Do you need to address estate taxes in your estate plan?

On Behalf of | Jun 12, 2020 | Firm News |

The more assets you have, the more careful you have to be with estate planning. From taking great care to avoid infighting it by your heirs and beneficiaries to ensuring the smooth transfer of certain accounts or assets through special designations, you may have to do a lot more estate planning work than someone who only has a bank account, a life insurance plan and maybe some home equity.

The more valuable your total estate is, the more likely it is that you will have to worry about estate taxes. At what point does your estate become vulnerable to taxation in the state of Tennessee?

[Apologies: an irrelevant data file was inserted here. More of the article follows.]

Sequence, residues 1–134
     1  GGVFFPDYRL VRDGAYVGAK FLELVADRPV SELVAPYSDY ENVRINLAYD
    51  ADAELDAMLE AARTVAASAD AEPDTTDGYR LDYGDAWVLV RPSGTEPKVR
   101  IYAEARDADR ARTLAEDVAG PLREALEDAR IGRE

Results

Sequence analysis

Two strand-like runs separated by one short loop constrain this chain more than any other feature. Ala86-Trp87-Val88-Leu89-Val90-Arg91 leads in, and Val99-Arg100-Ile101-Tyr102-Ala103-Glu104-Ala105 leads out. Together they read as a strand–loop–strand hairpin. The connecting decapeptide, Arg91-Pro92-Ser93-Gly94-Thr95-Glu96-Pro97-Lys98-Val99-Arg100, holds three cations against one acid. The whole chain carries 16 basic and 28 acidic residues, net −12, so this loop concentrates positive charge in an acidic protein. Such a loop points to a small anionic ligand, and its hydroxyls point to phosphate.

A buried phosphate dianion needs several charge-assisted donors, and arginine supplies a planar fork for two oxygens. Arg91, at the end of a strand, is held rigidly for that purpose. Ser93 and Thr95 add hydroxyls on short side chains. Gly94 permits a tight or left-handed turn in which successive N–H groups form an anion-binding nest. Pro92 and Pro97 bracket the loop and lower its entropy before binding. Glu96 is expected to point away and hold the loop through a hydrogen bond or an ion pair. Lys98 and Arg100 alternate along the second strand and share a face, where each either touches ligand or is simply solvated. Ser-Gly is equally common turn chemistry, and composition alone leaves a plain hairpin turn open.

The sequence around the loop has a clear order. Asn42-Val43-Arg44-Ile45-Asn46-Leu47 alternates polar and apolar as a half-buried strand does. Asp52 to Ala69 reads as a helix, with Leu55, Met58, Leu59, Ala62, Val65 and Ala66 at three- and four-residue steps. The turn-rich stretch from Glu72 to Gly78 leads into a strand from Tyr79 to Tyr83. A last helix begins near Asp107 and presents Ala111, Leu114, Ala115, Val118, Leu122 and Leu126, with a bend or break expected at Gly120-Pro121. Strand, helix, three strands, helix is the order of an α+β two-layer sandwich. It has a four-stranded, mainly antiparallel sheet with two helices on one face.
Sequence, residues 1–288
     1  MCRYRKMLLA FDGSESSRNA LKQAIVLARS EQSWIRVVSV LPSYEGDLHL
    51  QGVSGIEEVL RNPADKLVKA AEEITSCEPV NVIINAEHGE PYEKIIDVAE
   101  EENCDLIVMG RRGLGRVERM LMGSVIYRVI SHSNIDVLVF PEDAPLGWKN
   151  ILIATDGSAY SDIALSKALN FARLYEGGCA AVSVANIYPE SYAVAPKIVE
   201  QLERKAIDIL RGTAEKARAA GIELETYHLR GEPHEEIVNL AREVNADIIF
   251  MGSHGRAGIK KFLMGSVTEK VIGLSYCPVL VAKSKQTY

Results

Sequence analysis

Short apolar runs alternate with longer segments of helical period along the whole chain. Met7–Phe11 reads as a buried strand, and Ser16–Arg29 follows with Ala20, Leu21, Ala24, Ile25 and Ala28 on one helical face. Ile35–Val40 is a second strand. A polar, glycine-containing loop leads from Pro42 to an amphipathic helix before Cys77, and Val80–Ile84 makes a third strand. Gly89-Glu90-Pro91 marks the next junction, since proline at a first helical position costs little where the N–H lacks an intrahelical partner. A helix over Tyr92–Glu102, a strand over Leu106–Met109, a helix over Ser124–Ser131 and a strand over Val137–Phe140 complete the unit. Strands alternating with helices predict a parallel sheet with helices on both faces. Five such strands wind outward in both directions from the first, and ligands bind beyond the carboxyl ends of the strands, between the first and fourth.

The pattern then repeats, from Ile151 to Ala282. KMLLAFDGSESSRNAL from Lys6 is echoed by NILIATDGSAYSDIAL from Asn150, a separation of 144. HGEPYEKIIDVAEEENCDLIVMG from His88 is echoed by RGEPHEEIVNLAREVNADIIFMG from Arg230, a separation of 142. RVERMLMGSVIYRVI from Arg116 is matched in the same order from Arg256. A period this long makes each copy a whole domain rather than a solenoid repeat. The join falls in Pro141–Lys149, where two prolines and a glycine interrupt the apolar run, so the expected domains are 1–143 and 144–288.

Only very large estates are subject to estate taxes

The federal government is particularly lenient when it comes to the collection of estate taxes. For those who die in 2020, the total value of their estate will have to be $11,580,000 or more in order to be subject to the progressive federal estate tax. Tennessee no longer levies an estate or inheritance tax.

How to protect against estate taxes

Reducing your risk for estate taxes is a pretty straightforward process. You just need to diminish the value of your estate. There are two ways to achieve that goal.

The first is to hand out gifts to your family members and heirs before you die. They have the benefit of their inheritance earlier in life when they may need it and you get the joy of watching them benefit from those assets. You can carefully structure such giving to avoid taxation, although that may require many years of giving to your loved ones. The second tactic involves placing assets in a trust.

Some people use a combination of both of these methods. Looking carefully at your family circumstances and the value of your estate with your attorney can give you a better idea of which options will work best for you.